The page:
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Smoking Behavior Change and the Risk of Heart Failure in Patients With Type 2 Diabetes: Nationwide Retrospective Cohort Study

JMIR Public Health Surveill. 2024 Jan 10;10:e46450. doi: 10.2196/46450.


BACKGROUND: Heart failure (HF) is one of the most common initial manifestations of cardiovascular disease in patients with type 2 diabetes. Although smoking is an independent risk factor for HF, there is a lack of data for the incidence of HF according to changes in smoking behaviors in patients with type 2 diabetes.

OBJECTIVE: We aimed to examine the association between interval changes in smoking behavior and the risk of HF among patients with type 2 diabetes.

METHODS: We conducted a retrospective cohort study using the National Health Insurance Service database. We identified 365,352 current smokers with type 2 diabetes who had 2 consecutive health screenings (2009-2012) and followed them until December 31, 2018, for the incident HF. Based on smoking behavior changes between 2 consecutive health screenings, participants were categorized into quitter, reducer I (≥50% reduction) and II (<50% reduction), sustainer (reference group), and increaser groups.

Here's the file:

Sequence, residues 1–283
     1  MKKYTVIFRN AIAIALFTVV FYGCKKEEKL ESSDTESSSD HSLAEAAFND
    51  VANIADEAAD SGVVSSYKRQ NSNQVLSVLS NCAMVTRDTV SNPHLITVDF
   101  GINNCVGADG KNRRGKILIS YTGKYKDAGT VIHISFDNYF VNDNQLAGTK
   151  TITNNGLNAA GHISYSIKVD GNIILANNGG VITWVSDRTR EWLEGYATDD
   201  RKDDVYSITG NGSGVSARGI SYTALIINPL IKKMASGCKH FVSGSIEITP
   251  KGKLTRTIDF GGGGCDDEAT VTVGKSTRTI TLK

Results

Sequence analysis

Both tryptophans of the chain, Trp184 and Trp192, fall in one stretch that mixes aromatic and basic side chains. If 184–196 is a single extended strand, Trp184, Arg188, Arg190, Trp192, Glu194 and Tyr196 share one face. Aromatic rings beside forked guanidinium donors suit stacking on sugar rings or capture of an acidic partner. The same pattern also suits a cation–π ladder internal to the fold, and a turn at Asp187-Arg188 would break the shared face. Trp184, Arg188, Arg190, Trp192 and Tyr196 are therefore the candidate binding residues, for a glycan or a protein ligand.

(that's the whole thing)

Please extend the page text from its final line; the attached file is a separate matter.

RESULTS: During a median follow-up of 5.1 (IQR 4.0-6.1) years, there were 13,879 HF cases (7.8 per 1000 person-years). Compared to sustainers, smoking cessation was associated with lower risks of HF (adjusted hazard ratio [aHR] 0.90, 95% CI0.86-0.95), whereas increasers showed higher risks of HF than sustainers; heavy smokers who increased their level of smoking had a higher risk of HF (aHR 1.13, 95% CI 1.04-1.24). In the case of reducers, the risk of HF was not reduced but rather increased slightly (reducer I: aHR 1.14, 95% CI 1.08-1.21; reducer II: aHR 1.03, 95% CI 0.98-1.09). Consistent results were noted for subgroup analyses including type 2 diabetes severity, age, and sex.

CONCLUSIONS: Smoking cessation was associated with a lower risk of HF among patients with type 2 diabetes, while increasing smoking amount was associated with a higher risk for HF than in those sustaining their smoking amount. There was no benefit from reduction in smoking amount.

PMID:38198206 | DOI:10.2196/46450

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